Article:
I admire how art survives – thrives, even – almost anywhere.
And just as art can be a means of escape from the harsh realities of life, the ASNI Art Village in the heart of Addis Ababa, Ethiopia …
… felt like a refuge.
Desperately missing nature after only three days in Addis Ababa, I walked through ASNI’s lush gardens and woods (a rarity in this city) taking dozens of photographs. I wanted to breathe and breathe and breathe; to gather up a small reservoir of healthy air against my re-entry into the noise, car exhaust, dirt and grind that surround this oasis in a nearly suffocating toxic embrace.
I also wanted a glimpse of what Addis Ababa might have looked like once upon a time –
lush and vibrant, full of exotic flora and trees that hadn’t yet been decimated in people’s desperate struggle to survive.
Hidden in the Entoto Hills of Addis Ababa, somewhere in the vicinity of the French Embassy, the Total Garage, and Arat Kilo,
the main building of the ASNI Gallery is also one of the few surviving (but just barely) examples of the city’s early 20th century architecture.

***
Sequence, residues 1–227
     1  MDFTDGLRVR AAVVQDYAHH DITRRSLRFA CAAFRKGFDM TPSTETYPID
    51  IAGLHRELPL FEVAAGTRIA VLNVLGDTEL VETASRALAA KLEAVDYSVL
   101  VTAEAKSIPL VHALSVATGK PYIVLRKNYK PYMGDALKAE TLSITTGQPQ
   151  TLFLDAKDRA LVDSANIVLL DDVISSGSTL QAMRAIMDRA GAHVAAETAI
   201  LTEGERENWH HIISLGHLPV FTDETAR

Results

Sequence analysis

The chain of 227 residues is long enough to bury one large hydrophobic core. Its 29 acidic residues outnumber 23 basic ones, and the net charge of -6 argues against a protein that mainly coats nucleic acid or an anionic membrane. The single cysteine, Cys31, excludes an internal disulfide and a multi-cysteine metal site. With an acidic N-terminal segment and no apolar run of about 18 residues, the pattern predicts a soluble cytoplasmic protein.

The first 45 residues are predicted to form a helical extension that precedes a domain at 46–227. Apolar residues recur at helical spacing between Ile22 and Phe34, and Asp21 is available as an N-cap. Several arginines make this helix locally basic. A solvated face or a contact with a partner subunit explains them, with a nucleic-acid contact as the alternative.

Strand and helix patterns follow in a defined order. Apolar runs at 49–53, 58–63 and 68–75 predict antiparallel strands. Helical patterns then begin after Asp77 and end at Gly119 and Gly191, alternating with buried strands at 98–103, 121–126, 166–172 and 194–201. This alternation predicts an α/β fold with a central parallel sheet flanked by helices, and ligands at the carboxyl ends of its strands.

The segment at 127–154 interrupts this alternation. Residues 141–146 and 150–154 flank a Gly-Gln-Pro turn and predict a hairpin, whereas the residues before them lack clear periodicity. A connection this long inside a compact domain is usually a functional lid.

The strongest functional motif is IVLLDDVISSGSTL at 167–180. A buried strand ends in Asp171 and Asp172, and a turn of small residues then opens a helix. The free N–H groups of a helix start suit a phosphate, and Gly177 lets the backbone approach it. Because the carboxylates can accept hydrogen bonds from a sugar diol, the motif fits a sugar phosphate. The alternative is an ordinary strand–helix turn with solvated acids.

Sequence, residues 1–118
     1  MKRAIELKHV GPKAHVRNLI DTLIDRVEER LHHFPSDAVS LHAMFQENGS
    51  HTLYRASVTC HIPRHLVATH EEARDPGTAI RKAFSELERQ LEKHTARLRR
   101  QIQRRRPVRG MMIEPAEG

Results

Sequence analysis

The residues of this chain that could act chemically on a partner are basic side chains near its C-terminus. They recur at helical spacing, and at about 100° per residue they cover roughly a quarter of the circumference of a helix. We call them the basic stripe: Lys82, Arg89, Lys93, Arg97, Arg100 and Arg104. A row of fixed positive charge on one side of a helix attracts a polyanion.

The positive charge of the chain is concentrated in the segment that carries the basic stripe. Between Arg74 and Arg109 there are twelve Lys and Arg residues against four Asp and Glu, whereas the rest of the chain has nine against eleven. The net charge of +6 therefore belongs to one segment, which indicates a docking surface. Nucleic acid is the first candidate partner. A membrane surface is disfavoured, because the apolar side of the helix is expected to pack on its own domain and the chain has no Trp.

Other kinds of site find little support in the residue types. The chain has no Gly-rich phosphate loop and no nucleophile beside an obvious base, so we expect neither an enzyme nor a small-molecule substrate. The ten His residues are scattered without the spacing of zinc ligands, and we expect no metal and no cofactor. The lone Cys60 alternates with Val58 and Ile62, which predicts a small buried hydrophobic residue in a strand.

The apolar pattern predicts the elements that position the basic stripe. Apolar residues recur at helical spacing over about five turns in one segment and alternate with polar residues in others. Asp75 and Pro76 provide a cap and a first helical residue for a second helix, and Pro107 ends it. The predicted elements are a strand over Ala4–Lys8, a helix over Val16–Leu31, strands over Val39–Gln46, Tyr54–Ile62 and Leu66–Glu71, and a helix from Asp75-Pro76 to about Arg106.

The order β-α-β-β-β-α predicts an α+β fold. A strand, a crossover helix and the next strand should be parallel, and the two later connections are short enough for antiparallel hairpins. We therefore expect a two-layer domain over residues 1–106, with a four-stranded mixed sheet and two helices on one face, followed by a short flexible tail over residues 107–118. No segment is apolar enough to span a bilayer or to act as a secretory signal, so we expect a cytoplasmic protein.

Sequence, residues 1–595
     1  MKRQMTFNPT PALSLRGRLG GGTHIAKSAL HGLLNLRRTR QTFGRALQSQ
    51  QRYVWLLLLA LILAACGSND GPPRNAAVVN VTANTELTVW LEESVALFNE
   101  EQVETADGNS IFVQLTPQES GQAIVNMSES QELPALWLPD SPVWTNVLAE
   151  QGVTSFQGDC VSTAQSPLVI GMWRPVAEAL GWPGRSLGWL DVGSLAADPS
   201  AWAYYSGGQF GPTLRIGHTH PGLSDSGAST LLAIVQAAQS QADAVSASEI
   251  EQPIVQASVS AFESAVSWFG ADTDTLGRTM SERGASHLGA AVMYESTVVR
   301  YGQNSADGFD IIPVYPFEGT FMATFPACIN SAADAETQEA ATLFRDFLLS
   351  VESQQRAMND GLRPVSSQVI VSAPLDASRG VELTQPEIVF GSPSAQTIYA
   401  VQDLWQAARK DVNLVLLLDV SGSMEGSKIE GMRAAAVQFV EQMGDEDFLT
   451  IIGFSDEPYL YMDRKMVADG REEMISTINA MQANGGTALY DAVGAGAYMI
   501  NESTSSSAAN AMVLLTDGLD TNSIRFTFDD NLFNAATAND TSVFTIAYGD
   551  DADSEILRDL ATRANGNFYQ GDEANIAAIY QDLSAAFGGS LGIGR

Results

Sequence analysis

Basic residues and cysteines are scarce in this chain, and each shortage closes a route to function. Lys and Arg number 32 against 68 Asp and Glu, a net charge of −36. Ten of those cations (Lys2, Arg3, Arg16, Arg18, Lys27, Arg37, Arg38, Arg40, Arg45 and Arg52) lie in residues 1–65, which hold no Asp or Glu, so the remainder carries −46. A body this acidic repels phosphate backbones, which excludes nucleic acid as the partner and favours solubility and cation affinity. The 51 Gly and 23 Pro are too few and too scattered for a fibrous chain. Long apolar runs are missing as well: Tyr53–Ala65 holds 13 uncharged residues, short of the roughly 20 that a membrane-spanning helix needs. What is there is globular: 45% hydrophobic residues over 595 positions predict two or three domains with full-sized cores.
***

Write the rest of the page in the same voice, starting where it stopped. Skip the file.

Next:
The building looks exhausted.
You get the feeling you should make your photographs immediately, before its structural knees buckle and the whole thing collapses into a weary heap of dry kindling and dust.
Inside, the house has been stripped bare of all signs of what must have been a comfortable life for those who lived there 100 years ago. There are gaping holes in the roof, the ceilings, and the floors.
The only thing actually holding it together seems to be the art.
That, and the energy of the artists who gather here to create …
… and tell their stories.
Those lucky enough to be artists-in-residence at the ASNI Art Village make and keep their work outside on the verandas of the old house …
… and in the gardens.
Art is everywhere … even on the volleyball court.
A somewhat newer building houses the actual gallery –
one of the best collections of contemporary Ethiopian art in Addis Ababa.
More tales of Ethiopia @ The Red Moon Letters
© Kristin Fellows 2011
[Note: The ASNI Gallery has since moved to a different location in Addis Ababa]